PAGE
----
Rene Auberjonois (Dr. Desmond)-Much like Bruce Greenwood, Rene is one of those “that guy” actors who’s been in EVERYTHING over the course of his long, long career (most notably to geeks as the Changeling Odo on Star Trek: Deep Space Nine), including quite a bit of VA work. He has a very distinctive, clipped voice that he tends to default to while still making characters distinct (my favorite bizarre role is his Frenchified chef Louis in Disney’s The Little Mermaid, kicking ass with one of Howard Ashman and Alan Menken’s silliest yet darkest songs Les Poissons), and that fits quite well for the arrogant, ultimately in over his head scientist. It’s honestly a shame he has to go through that whole mindless monster transformation for the action climax. I would have liked to see and hear more of him.

Miscellaneous-A number of minor roles get filled in on the sidelines, including Keith Szarabajika as an intimidating Mr. Freeze, Yuri Lowenthal as Icicle Jr. (nicely petulant and he’ll get a bigger role later on), CSI’s George Eads as Barry Allen/The Flash (fine, if very straightforward), Miguel Ferrer and Mark Rolston as as-yet-unidentified villainous voices, and Kevin Michael Richardson as J’onn J’onnz/Martian Manhunter (deep, yet soft and very fitting). Danica McKellar also gets a very quick intro bit as Miss Martian/M’Gann, sounding soft and likable.

Overall, the two-part series premiere is both an excellent intro to our heroes, villains, and the actors at large. Whatever its faults, the show was always on point with its voice acting. Next time on this feature, we’ll be discussing the new Netflix series Voltron: Legendary Defender, based on the classic 80s anime hodgepodge and produced by the crew and studio of The Legend of Korra sans Michael DiMartino and Bryan Konietzko. It has an incredibly stacked cast and legendary director Andrea Romano at the helm, so I’m sure we’ll be in for a treat on that score.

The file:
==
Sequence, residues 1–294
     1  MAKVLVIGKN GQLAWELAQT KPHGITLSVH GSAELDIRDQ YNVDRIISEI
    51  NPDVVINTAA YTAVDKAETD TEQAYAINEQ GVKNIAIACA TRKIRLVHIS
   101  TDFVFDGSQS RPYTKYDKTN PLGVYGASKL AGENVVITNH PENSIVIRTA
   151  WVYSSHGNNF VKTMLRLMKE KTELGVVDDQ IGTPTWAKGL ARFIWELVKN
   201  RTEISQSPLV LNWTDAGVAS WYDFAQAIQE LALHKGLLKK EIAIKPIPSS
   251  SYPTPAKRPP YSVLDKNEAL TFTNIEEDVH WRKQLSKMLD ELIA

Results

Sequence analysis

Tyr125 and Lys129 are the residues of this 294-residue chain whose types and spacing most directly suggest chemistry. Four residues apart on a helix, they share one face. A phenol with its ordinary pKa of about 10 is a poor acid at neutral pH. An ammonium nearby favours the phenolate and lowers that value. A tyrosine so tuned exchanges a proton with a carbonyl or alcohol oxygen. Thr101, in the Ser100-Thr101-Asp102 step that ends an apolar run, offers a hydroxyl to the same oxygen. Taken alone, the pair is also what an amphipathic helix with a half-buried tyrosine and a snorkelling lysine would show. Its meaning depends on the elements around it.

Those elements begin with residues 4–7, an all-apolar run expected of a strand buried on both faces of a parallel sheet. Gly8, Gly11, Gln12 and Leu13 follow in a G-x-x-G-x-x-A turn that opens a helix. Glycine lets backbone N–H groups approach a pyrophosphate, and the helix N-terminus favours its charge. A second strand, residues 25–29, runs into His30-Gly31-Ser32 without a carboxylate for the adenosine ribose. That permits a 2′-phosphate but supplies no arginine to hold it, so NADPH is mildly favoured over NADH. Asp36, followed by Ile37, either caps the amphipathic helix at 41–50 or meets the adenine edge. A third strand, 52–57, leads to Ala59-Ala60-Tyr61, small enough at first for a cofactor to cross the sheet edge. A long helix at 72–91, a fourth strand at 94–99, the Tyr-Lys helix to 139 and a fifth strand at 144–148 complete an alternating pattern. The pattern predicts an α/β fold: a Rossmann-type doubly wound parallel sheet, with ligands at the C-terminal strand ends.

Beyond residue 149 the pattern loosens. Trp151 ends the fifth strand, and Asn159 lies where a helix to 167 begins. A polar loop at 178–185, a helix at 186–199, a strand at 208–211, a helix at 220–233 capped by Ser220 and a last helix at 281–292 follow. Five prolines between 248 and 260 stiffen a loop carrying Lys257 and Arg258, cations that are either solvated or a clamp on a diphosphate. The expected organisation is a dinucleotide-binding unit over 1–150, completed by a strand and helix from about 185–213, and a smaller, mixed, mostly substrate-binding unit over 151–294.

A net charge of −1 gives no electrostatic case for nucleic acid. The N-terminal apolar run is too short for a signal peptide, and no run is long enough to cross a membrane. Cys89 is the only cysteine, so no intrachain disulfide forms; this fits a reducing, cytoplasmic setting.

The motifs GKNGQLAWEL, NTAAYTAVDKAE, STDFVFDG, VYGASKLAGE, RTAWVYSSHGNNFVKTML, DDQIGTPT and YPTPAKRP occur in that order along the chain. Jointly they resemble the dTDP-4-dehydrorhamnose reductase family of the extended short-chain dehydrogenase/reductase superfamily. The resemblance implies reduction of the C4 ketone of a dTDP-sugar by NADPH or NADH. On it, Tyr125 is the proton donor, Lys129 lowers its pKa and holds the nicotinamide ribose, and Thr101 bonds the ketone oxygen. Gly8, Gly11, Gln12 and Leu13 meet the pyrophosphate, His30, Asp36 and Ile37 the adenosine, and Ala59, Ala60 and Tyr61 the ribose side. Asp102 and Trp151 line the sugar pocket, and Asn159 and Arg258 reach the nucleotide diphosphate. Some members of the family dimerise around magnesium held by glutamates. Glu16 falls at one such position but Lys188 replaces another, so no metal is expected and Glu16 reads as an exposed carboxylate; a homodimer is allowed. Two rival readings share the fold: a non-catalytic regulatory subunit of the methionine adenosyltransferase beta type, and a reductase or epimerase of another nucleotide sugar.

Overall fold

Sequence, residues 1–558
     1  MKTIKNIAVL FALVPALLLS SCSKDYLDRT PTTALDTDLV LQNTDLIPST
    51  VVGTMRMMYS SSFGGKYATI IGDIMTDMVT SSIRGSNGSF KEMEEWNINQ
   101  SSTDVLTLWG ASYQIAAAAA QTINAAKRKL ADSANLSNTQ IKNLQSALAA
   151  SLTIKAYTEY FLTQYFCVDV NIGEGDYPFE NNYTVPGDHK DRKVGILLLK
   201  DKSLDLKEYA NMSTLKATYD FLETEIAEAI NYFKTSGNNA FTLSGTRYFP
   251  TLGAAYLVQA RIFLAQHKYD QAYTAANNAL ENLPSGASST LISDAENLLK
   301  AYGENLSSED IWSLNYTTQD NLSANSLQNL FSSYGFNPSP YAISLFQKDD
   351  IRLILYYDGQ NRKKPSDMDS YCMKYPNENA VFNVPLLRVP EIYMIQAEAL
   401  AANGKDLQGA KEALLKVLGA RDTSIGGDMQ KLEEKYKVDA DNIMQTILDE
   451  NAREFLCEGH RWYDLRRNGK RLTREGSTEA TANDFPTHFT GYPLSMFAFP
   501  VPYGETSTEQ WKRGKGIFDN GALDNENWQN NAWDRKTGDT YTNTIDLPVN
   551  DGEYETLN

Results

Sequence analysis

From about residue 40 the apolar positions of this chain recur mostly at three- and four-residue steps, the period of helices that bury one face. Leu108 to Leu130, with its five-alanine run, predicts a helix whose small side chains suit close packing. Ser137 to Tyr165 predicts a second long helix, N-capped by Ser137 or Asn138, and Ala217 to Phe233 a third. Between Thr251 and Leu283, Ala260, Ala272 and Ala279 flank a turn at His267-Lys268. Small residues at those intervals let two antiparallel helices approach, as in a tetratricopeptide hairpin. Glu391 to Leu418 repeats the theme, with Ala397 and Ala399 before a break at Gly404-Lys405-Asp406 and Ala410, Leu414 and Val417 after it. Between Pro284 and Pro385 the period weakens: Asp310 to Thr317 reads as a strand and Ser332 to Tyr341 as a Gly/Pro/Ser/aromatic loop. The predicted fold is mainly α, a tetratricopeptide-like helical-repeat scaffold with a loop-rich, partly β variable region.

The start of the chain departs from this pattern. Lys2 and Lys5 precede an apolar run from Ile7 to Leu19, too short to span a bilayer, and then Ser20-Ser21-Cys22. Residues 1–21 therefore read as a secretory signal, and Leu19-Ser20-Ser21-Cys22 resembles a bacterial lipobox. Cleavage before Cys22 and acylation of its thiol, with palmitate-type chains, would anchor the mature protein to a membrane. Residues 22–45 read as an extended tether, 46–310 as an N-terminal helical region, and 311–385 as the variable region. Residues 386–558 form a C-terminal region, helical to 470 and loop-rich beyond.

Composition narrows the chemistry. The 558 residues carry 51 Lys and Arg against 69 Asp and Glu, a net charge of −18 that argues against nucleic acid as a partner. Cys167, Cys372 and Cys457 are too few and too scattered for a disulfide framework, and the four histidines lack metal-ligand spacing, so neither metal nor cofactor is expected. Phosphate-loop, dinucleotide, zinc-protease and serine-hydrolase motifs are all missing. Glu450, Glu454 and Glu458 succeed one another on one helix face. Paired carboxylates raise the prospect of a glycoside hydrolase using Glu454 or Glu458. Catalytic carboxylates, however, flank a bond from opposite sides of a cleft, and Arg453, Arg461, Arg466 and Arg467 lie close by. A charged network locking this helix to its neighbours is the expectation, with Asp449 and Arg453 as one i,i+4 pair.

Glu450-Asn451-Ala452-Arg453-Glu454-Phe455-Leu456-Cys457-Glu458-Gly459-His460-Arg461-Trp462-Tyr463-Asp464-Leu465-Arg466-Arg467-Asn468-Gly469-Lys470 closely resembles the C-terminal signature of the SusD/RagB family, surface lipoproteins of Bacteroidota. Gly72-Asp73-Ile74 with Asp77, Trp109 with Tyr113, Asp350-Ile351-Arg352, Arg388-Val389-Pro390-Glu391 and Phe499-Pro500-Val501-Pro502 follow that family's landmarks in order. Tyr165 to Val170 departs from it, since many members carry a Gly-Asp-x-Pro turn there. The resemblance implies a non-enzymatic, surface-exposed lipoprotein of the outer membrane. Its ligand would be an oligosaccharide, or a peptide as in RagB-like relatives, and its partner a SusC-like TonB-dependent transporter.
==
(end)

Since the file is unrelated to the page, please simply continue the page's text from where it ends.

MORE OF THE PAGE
Voice Acting Analysis: Steven Universe-“Keystone Motel” (SPOILERS AHOY)

Welcome to Voice Acting Analysis! This is a new feature I’ve decided to try out in terms of flexing my muscles on one of my favorite subjects in regards to animation: voice acting. Just as crucial a component to an animated character’s emotional life and heft as the design and movement, voice acting can be often underappreciated in reviews and critiques of animation, though in some areas that has started to change due to the Internet allowing a much wider information network for people wanting to know who has voiced which character. This feature will be looking at all sorts of products: movies, TV episodes (doing an entire series would be a fool’s errand, critiquing an episode lets me get much more specific), shorts, and I may even look at original web content.

We’ll start things off with Rebecca Sugar’s Steven Universe, a show that is unique in a number of ways, up to and including voice acting. While the series does employ a number of actors who have experience in either animation or other voicework areas (such as Zach Callison, Grace Rolek, Kimberly Brooks, Susan Egan, Michaela Dietz, Brian Posehn, and others), it primarily eschews what we might call “career voice actors”, people like Tara Strong, Rob Paulsen, Kevin Michael Richardson (although he appears in the “Say Uncle” ‘crossover’ with Uncle Grandpa), and many, many others. The series instead casts a much wider net, going for stage actors, singers, radio personalities, comedians, and basically anyone who has an interesting vocal presence. As much as I love the career voice actors mentioned above, it IS great to hear such a variety of talent, and many of them are now people I would absolutely love to hear in more animated projects.